As an employer, there is always a great concern about confidentiality – most specifically, the concern that an employee or worker, once they've left the company, could potentially share sensitive information about your business with a competitor, which could mean you lose your edge. Depending on the severity of the agreement, this can be a great deal of stress on an employee, but in the end a reasonable level of protection is a good idea for a company to have to avoid any mishaps.
As with most things that fall into a legal category however, there can be great deal of confusion on behalf of both the business and the employee. Many struggle to understand the difference between a non-solicitation agreement and a non-compete agreement, whether or not they are legally enforceable and what they can contain. Fortunately, there are answers and once you get clear and concise definitions, it can make differentiation a great deal easier.
Non-compete agreements are a very complicated legal clause, and can be difficult to enforce depending on the area you're in. These laws not only vary between Canada and the US, but the rules are different depending on province or state as well. Effectively, a non-compete agreement prohibits signing employees from working at a business that is similar to your company, or starting a business that's like it either. In most cases, you need to establish a time period on this clause (for example, forbidding an employee from working with a competitor for a full year) in order for it to be considered legal, but it's important to keep in mind that the laws vary state-to-state. In the case of California, all non-compete agreements are automatically void outside of very specific legal situations, whereas in Florida, they are rather common as long as they aren't too vague.
In Canada, on the other hand, non-compete agreements can be rather difficult to enforce, as general courts have decided that it can be overly restrictive and doesn't serve the best interest of the employees. It's important to do your research and see what kind of agreement might better serve your purpose – for example, a non-solicitation agreement.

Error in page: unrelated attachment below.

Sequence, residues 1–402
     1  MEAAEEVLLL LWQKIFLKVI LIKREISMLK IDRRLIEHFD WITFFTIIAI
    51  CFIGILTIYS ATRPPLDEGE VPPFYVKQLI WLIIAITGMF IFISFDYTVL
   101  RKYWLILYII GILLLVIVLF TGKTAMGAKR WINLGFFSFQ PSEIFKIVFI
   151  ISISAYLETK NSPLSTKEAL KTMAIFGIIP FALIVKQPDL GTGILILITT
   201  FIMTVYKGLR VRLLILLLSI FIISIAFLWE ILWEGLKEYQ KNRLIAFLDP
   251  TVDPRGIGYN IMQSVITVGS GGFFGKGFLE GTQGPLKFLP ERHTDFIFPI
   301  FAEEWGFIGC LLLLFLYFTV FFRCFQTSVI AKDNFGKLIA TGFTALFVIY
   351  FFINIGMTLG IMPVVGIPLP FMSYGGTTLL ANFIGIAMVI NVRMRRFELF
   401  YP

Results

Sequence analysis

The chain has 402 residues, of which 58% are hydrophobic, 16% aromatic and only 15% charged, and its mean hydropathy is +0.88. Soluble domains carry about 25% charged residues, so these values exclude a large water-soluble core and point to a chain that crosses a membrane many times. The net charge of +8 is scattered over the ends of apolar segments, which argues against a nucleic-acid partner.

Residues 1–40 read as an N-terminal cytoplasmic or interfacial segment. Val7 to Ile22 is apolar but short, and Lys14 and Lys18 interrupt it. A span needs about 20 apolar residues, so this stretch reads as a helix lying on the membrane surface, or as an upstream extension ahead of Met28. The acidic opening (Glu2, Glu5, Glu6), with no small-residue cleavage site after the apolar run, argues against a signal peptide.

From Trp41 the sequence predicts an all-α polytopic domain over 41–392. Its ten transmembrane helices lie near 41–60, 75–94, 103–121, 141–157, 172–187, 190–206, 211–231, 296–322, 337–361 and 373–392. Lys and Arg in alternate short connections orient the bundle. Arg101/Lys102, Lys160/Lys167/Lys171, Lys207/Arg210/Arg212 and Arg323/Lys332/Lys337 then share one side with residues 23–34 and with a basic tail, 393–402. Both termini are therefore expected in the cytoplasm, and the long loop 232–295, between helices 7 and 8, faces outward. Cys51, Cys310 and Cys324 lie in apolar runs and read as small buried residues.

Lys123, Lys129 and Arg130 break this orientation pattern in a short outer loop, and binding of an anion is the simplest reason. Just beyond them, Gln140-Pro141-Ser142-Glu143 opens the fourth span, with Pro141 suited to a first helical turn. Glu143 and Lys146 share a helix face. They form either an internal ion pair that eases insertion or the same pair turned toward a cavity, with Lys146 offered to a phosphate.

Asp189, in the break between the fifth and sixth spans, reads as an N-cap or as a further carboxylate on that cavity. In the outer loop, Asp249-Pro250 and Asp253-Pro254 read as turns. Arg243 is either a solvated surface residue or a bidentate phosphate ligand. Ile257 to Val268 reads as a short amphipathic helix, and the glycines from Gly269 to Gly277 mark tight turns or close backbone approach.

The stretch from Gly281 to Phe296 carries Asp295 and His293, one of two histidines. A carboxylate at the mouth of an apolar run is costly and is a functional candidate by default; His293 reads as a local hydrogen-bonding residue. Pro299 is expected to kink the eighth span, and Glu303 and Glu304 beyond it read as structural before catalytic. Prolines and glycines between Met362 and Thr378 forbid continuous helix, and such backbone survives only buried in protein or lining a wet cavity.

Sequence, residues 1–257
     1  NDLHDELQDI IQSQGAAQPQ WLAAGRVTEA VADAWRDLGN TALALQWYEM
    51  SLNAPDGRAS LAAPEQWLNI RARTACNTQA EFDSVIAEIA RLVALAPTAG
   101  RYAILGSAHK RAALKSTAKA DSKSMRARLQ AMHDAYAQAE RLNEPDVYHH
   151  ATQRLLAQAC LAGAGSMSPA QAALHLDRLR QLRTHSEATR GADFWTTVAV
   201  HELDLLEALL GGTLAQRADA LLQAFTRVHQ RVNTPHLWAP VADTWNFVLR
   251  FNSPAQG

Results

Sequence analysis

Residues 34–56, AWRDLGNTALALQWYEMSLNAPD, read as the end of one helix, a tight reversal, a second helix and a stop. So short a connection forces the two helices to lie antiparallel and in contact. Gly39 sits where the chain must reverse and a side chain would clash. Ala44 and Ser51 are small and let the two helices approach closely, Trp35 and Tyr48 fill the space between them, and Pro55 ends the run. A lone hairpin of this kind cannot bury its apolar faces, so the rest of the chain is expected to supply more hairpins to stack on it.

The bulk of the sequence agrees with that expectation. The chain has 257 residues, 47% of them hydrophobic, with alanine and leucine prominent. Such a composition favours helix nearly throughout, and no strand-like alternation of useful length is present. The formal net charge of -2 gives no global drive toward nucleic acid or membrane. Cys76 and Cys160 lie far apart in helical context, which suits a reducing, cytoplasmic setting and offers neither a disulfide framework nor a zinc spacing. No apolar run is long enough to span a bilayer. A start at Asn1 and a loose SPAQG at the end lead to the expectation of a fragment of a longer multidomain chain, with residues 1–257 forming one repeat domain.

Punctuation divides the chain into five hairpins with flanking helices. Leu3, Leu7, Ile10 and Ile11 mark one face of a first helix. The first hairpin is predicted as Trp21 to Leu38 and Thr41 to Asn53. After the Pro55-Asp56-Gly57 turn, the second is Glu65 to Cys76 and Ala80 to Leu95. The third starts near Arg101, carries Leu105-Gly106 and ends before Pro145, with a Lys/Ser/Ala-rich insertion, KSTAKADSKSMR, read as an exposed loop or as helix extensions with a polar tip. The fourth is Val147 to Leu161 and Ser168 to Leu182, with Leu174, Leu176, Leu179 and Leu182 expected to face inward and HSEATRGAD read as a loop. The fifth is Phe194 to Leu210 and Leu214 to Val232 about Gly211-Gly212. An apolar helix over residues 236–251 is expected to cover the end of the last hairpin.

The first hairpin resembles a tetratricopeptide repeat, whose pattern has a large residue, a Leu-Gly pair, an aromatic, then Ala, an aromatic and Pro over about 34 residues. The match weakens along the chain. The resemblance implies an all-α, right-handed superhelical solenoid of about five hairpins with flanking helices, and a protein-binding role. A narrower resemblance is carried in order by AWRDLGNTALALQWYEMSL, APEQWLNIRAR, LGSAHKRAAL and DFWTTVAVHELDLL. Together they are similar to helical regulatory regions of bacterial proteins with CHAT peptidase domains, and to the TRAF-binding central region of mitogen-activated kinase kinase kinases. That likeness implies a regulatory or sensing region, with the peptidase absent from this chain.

A non-solicitation agreement is a generally more popular option for many companies, since it's broadly more agreeable to their employees as well which makes it easier for everyone. A non-solicitation clause means the employee agrees not to try and lure other employees away from your business, or engage your clients once they leave. Unlike a non-compete agreement, your non-solicitation clause is much easier to enforce as long as you make absolutely sure that it is clear, reasonable and completely unequivocal in the eyes of the law.
This is often paired with a non-compete agreement in the United States to ensure that not only is your worker not allowed to open up a business in direct competition with you, but that they are also unable to try to steal business or assets. However, in Canada, it's a more common option due to the difficulty many businesses can have when it comes to enforcing a non-compete agreement. Most of the time, courts will enforce a non-solicitation agreement to prevent any poaching on your ex-employees’ part.
In Canada, it's generally a bad idea to include a non-competition clause if only for the sheer reason that it's next to impossible to enforce. Both parties involved might find it easier to forgo it completely in favour of the non-solicitation cause, which is generally considered to be fairer and much easier to enforce in the eyes of the law. In either case, it's best to employ legal minds before you decide to offer any sort of clause, to ensure you're not only compliant with the law, but that both parties are covered in a fair manner.